On January 3, 2020, Iranian Gen. Qassem Soleimani, the head of the Islamic Revolutionary Guard Corps’ (IRGC’s) elite Quds Force, was targeted and killed by a U.S. drone strike. The Quds Force played a significant role in training the Taliban, Hizballah of Lebanon, as well as Shi’ite militias in Iraq and Afghanistan. These groups are responsible for maiming and killing thousands of Americans.
Hussein and Soleimani, an Identical Pair
Soleimani’s death rattled Iran for a number of cultural and religious reasons related to the country’s Shi’ite Muslim history. Some of the imagery that quickly began circulating online depicted Soleimani as a shahid (martyr). Apart from all the calls and declarations for revenge, people were immediately identifying the elite commander with great equivalency to Hussein, the grandson of Muhammad who died at the Battle of Karbala (today’s Iraq in the year 680). In a battle known for solidifying the Sunni-Shi’ite split, Hussein (Shia) was slaughtered by an army sent by the Umayyad (Sunni) caliph Yazid I.
For the Shi’ite Muslim, the month of Muharram (the first month of the Islamic calendar) is considered a month of mourning, one commemorating the Battle of Karbala. On the tenth of the month (Ashura), there are processions of men who beat themselves in the back with chains and cut their heads open with knives and swords, spilling their blood throughout the barbaric demonstration.
In this bloody exhibition, they are showing their devotion to Hussein (a “martyr”). They are basically saying, “Oh, Hussein, if I had only been there with you at the Battle of Karbala, you would not have fallen. I would have defended you. I would have fought with you.”
By identifying Soleimani with Hussein, the Iranian Shi’ite Muslim population is saying his blood must also be avenged. They are remembering and celebrating his death just as they would have done for Hussein himself over 1,300 years ago.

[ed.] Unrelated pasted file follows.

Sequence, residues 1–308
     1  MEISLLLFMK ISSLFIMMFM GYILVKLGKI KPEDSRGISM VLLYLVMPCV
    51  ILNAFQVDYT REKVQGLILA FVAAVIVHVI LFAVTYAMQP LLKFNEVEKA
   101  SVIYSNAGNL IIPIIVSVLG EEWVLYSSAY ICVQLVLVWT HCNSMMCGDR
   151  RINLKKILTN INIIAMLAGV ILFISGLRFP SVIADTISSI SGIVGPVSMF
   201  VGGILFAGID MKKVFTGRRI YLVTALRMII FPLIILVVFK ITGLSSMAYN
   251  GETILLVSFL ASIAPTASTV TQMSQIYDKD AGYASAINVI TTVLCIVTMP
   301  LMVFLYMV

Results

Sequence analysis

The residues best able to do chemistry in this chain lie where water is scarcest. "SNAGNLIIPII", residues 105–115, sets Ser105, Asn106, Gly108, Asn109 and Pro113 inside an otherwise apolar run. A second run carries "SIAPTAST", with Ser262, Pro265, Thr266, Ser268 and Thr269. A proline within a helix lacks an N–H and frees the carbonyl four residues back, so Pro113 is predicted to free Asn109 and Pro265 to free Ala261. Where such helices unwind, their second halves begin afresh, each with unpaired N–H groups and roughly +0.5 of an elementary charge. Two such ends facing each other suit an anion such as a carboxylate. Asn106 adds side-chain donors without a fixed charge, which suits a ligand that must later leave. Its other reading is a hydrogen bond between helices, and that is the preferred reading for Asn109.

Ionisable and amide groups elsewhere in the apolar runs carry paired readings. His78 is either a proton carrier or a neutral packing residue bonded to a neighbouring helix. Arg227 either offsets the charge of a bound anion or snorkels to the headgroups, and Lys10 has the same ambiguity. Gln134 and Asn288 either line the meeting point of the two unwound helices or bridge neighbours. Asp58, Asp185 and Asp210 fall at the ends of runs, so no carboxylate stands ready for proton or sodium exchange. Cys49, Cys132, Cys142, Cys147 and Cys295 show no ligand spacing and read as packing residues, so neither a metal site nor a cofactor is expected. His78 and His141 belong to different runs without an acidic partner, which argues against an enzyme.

And that is what the red flag flying over the Jamkaran mosque in Qom, Iran, represents. Red is a color that symbolizes the blood of the shahid. The raising of the flag represents a call to arms.
The flag, which is typically only raised over the mosque during the month of Muharram, has been raised since January 3. On the flag are Farsi letters which read, “Ya la-Tharat al-Hussein,” — translated in English as, “O ye avengers of Hussein.” Retaliation is their goal.
The village of Jamkaran is particularly significant for another reason. Twelver Shi’ite Muslims, the greater percent of all Shi’ites in the world, believe the 12th Imam — their Mahdi (eschatological redeemer of Islam) — disappeared in a well in Jamkaran as a child in the ninth century. From this well, it is believed he will re-emerge at the End of Times to usher in the Day of Judgment. Some of Iran’s top leadership, like Mahmoud Ahmadinejad and senior clerics like Ayatollah Mesbah Yazdi, believe they can hasten the return of the Mahdi by instigating enough chaos, strife, and warfare that he will be compelled to come back and set all things right. And these are the same people who are driving for a deliverable nuclear weapon.
Avenging the Death of a “Martyr”
Apart from an eschatology that doesn’t bode well for Americans, the death of Soleimani brings another source of motivation for Shi’ite Muslims to the forefront. It’s easy to recall thousands of mourners from both Iran and Iraq chanting “America is the Great Satan” and “Death to America, death to Israel” throughout Soleimani’s multiple funeral processions and in the days to follow.